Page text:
Indeed, this vibrant city is one of the best beach values on the continent. At the very favorable current exchange rate between the U.S. dollar and the Brazilian real, you could rent a two-bedroom apartment near the ocean for US$650 per month, and a couple could live well on US$1,500 per month.

#8: Alicante, Costa Blanca, Spain

Spain is a modern, developed country… nothing Third World about it. On its Mediterranean Costa Blanca is lovely Alicante, a city of 350,000 people that includes a small but solid expat community. Although its roots are ancient, Alicante today is a 21st century city with a bustling centro of chic designer shops and department stores, equally chic people, a harbor crowded with white yachts, and a sleek tram/light-rail system.

And yet, Alicante manages to retain the feel of Old Spain. Businesses observe the afternoon siesta. Friends who meet by chance on the sidewalk stop to chat, and the conversation continues over a leisurely cup of coffee. Alicante is an ideal place to savor Continental café culture.

Lovely from any angle, Alicante, with its parks and broad Explanada de España, is perhaps loveliest from above. Down at street level, Alicante is home to more than 600 restaurants. Eating is an important part of the experience of life in Spain, especially in Alicante. 

Living anywhere in the city, you wouldn’t need to worry about owning a car. The public transit is excellent. Buses (1.50 euros) are modern and air-conditioned and integrate with the tram system, which comprises 5 lines, 71 stations, and 78 miles of rail. The tram system (3.75 euros one way, 6 euros round-trip) covers not only the city proper, but extends to outlying areas such as Benidorm, and is a great way to explore the entire area.

Alicante is easy to fall in love with. The challenge living here can be resetting your internal clock to get in sync with the local rhythm. The Alicantines have learned that it’s best not to battle the afternoon sun. Shops open at 9 a.m., close at 2 p.m., reopen at 5 p.m., and then remain open until 8 p.m. Dinner is at 10 p.m. or later, and, before or after dinner, people take regular evening walks along the Explanada.

Alicante is a city of and for boaters of all kinds, who can sail and cruise at any time of year. Even in winter, daytime highs are usually in the low 60s.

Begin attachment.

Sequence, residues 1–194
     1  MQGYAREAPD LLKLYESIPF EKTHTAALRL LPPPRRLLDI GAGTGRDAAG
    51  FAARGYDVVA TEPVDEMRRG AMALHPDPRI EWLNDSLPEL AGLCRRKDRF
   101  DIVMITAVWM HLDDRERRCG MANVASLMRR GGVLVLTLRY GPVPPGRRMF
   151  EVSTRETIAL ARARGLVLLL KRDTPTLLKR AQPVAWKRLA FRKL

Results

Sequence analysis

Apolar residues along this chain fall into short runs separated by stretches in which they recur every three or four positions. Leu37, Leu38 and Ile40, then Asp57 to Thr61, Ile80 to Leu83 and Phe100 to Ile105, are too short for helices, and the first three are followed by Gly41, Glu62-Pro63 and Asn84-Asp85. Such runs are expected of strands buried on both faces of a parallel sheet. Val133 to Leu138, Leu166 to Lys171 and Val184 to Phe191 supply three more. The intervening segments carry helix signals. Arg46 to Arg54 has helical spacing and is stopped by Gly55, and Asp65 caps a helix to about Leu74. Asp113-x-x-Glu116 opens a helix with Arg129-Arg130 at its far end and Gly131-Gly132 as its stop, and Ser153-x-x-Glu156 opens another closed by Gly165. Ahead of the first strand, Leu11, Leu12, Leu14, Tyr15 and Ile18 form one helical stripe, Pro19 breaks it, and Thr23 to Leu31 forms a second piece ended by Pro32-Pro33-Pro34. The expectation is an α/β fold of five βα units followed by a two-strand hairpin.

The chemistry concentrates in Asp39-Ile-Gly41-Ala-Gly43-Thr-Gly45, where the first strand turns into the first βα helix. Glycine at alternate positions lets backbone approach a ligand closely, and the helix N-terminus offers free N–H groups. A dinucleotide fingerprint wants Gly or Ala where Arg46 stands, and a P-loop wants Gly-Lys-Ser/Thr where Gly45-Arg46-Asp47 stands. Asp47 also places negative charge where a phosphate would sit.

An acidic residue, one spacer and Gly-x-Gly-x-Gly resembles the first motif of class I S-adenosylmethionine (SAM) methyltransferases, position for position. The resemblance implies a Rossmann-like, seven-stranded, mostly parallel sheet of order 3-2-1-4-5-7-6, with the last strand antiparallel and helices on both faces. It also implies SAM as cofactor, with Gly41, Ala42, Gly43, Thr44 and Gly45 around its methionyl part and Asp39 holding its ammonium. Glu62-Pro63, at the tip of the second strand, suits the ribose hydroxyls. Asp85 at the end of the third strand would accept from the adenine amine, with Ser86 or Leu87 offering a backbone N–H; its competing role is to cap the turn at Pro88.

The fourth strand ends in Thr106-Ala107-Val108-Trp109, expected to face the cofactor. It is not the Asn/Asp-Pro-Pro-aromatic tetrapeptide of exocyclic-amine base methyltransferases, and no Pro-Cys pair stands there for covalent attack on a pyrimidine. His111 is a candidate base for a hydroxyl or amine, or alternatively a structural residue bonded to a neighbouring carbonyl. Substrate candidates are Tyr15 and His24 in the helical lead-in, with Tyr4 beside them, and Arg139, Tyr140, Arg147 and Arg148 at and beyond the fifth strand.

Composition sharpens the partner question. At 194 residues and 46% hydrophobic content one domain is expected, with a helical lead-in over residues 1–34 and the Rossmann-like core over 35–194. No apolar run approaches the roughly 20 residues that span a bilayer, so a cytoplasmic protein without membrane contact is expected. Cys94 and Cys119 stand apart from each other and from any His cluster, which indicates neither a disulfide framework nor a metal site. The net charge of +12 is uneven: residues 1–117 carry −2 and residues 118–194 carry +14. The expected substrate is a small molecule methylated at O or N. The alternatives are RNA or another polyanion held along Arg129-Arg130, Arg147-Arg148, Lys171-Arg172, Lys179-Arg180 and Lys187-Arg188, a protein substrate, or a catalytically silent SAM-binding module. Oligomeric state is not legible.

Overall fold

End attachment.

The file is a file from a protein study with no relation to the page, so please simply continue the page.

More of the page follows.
Perhaps the best part of this beautiful Old World coastal city is the cost of living here. This is one of Europe’s greatest bargains. You can rent a furnished apartment in a good location for as little as US$400 per month.

#9: Crete

Its history dates back 4,000 years, its beaches are superb, the Mediterranean water is crystal clear, and the sun shines 300 days a year.

This is the island of Crete, the largest of the Greek islands, where the Minoans ruled eons ago and where you find today evidence and relics of every civilization and conquering nation from then until now.

Crete has miles of beautiful beaches and sunny skies, but it’s also got mountains—covered in snow half the year—gorges, ancient history, timeless villages, and excellent Mediterranean food.

On the western end of the island is the ancient city of Chania (pronounced and sometimes spelled Hania). On the eastern end is the capital Iraklion as well as the best archaeological sites and the beautiful French Riviera-like Mirabello Gulf. The eastern end of the island is also where you’ll find “Old Greece,” where donkeys are still used for transportation and life moves along at a slow pace.

You can feast on a huge Greek salad with fresh made Feta cheese or ntakos, a local dish of crusty barley rusk topped with tomatoes, olive oil, and crumbled mizithra cheese, for 4 euros. Wash your meal down with excellent local vin de Chania at 3.50 euros a bottle.

Crete’s Old Town is a hive of activity, with restaurants, redevelopments, tourist shops, and locals going about their daily business. Outside town the countryside is marked by olive groves, vines, and great bushes of flowering mimosa. Fringing it all are beautiful beaches leading to blue-green seawater lagoons.

You could call this exotic Old World paradise home on a budget of as little as US$1,000 per month, not including rent, and you could rent a two-bedroom apartment for as little as US$700 per month.

Kathleen Peddicord